Right before class, her teacher came out and told the girls today would be tap (it alternates each week). I introduced myself and said today was Maya’s first day — and her teacher was just wonderful with her. In fact, when it was time to go in, she carried her in — recognizing she needed the push. I could hear Maya whimpering, but knew I had to back off — even though it killed me. For as sassy and precocious as this kid can be, she’s still three (almost four) and immature; she’s still very much a little kid: not a baby, not quite a big kid … that in-between stage of wanting independence and being afraid in new situations.
I didn’t realize the kids couldn’t see out the door (but we could see in) so I was hesitant about hanging out near the door and only walked by a couple times when I couldn’t stand the suspense. I know it’s silly, but I just feared seeing her sitting in the corner, not at all participating. Instead, I saw her tapping two-by-two down the room, playing with musical sticks, and singing to a song about knowing her left foot from her right foot. And though she looked serious and a little scared the first time I peeked, she looked happy the other times I “happened” to walk by. In many ways, I’m glad she couldn’t see me. It’s important for her to have experiences on her own. And she might tell me she didn’t like it, but I can see otherwise, which was comforting. I had to hold back tears — I was so proud of her, but it was bittersweet, too; this was the first experience she didn’t “need” me for.
At the end of class a couple other moms were hanging by the door (they confirmed the kids cannot see out!) and I introduced myself and said that today was my daughter’s first day. They asked which one she was and when I pointed they said, “Oh my gosh, she’s adorable–she’s so tiny!!” and they assured me she would love it; that their daughters took a couple weeks to warm up and now are constantly dancing and showing off their routines.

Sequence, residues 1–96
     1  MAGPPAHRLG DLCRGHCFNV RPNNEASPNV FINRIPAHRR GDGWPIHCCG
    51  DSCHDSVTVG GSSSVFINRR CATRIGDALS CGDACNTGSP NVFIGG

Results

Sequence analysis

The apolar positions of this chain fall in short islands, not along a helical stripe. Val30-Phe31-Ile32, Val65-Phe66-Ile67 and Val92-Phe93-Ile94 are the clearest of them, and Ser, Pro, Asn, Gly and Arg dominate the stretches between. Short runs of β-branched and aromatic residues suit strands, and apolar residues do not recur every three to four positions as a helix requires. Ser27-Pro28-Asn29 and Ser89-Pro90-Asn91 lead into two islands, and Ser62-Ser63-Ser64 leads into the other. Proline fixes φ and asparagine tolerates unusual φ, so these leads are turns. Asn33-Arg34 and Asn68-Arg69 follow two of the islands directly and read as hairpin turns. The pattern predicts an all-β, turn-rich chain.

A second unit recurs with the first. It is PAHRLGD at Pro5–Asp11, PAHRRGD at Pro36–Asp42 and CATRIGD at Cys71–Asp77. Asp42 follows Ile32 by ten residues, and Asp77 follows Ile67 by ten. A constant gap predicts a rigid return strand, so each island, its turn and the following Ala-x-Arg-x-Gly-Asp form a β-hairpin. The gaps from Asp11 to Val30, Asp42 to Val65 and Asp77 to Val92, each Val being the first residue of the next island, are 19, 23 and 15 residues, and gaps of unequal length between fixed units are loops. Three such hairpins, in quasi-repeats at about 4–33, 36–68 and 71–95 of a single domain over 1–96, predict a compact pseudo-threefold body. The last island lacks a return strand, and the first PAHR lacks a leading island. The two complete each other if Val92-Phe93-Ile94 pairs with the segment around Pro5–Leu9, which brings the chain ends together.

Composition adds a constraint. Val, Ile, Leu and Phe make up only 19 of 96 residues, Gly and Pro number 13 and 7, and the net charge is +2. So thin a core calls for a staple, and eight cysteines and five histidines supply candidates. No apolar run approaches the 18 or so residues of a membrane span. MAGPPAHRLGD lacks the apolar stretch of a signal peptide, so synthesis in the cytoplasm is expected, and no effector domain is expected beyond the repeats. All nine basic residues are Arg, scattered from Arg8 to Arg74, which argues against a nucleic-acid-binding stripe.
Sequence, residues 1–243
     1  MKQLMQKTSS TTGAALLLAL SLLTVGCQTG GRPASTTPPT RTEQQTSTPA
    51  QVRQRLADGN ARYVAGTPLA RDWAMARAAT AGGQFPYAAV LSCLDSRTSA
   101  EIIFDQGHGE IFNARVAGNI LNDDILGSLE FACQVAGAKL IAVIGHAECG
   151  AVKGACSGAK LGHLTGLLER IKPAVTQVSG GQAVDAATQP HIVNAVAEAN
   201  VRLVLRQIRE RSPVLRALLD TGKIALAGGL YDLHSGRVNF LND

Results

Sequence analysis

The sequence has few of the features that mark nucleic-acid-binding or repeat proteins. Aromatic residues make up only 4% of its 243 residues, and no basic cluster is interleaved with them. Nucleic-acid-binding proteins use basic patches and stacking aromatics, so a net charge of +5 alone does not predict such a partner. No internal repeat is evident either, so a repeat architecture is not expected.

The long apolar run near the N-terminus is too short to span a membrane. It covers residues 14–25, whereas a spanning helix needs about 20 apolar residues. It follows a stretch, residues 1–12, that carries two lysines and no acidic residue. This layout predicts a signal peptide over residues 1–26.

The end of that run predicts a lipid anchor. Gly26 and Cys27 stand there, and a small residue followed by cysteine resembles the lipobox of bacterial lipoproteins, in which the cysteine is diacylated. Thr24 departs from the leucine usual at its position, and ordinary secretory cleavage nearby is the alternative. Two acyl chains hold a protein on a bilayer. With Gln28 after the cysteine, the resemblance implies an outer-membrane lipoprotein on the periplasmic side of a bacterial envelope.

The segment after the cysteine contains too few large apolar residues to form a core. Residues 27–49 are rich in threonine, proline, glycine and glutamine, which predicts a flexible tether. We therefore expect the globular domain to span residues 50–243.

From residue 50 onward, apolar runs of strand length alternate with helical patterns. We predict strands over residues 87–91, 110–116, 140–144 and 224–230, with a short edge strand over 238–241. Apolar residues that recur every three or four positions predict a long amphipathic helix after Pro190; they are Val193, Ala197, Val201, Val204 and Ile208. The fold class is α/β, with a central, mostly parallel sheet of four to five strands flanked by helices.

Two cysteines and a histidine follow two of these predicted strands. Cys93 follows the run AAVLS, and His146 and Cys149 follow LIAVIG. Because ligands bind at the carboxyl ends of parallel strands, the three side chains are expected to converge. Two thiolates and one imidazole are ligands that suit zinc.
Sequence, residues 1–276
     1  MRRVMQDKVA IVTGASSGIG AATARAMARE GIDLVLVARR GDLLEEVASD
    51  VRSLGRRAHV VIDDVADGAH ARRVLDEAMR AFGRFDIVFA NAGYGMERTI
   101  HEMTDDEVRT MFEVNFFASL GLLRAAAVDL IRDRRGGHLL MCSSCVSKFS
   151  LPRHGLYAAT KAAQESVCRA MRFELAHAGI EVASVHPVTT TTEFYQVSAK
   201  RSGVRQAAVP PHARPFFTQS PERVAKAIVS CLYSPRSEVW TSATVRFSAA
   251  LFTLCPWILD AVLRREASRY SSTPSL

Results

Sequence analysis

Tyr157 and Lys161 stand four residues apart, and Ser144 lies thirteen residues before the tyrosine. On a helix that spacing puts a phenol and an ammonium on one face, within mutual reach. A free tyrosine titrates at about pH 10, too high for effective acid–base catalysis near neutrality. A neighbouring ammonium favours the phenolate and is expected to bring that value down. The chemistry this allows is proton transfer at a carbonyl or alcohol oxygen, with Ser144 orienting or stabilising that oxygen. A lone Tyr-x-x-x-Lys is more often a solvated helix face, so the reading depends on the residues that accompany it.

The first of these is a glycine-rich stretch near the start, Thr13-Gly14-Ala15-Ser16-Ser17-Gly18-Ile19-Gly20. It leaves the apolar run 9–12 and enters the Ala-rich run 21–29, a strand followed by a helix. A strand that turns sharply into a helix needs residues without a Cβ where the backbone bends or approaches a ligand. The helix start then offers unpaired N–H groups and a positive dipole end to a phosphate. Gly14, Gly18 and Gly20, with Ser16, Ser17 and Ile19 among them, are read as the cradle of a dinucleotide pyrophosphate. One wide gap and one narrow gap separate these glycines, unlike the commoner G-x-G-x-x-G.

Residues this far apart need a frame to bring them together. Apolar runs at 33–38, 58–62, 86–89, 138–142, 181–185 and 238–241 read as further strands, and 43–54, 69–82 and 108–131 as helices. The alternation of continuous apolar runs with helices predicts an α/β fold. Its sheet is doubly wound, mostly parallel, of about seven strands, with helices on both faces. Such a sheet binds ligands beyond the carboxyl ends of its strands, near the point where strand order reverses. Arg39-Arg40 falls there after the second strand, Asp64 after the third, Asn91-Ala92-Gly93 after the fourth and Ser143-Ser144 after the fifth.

After class wrapped up, all the girls got a sticker in their sticker book and the door opened. Maya came bounding out with THE biggest smile on her face. She told me she DID like class, but it was “really loud.” “I was a little bit afraid of the noise.” But overall, she seemed to love it and was eager to talk about it — which is good because recital costume deposits are due in a couple weeks for her June recital.
Her teacher assured me she did great; that she observed a little and hung back a bit in the beginning, but also participated and seemed to enjoy herself. I gave myself a silent high five: she had experienced her first no-parent class, and she’d done FINE. I’m sure she will fight me some days (as she still sometimes does to us at school drop-offs– which she loves!) but we passed that first class … and she did it!
I took her to the Y after class where we met Luis and a happily splashing and kicking Benny. Usually she holds Luis’s hands and jumps in if she isn’t wearing swimmies, but yesterday — after a LOT of prodding — she finally nailed the solo jump in (he was there to catch her). What can I say, she was feeling brave and feeling her oats! We were both super-proud.
What’s interesting to me is I’m realizing I’m much more of a trial-by-fire parent than I thought I’d be — and that’s just what this kiddo needs. Once she has the prod — she believes she is capable of anything. And I love that about her.
My fearless, tiny dancer. I hope she loves it … and if she doesn’t, that’s OK too. I’m just glad she has this new experience to look forward to.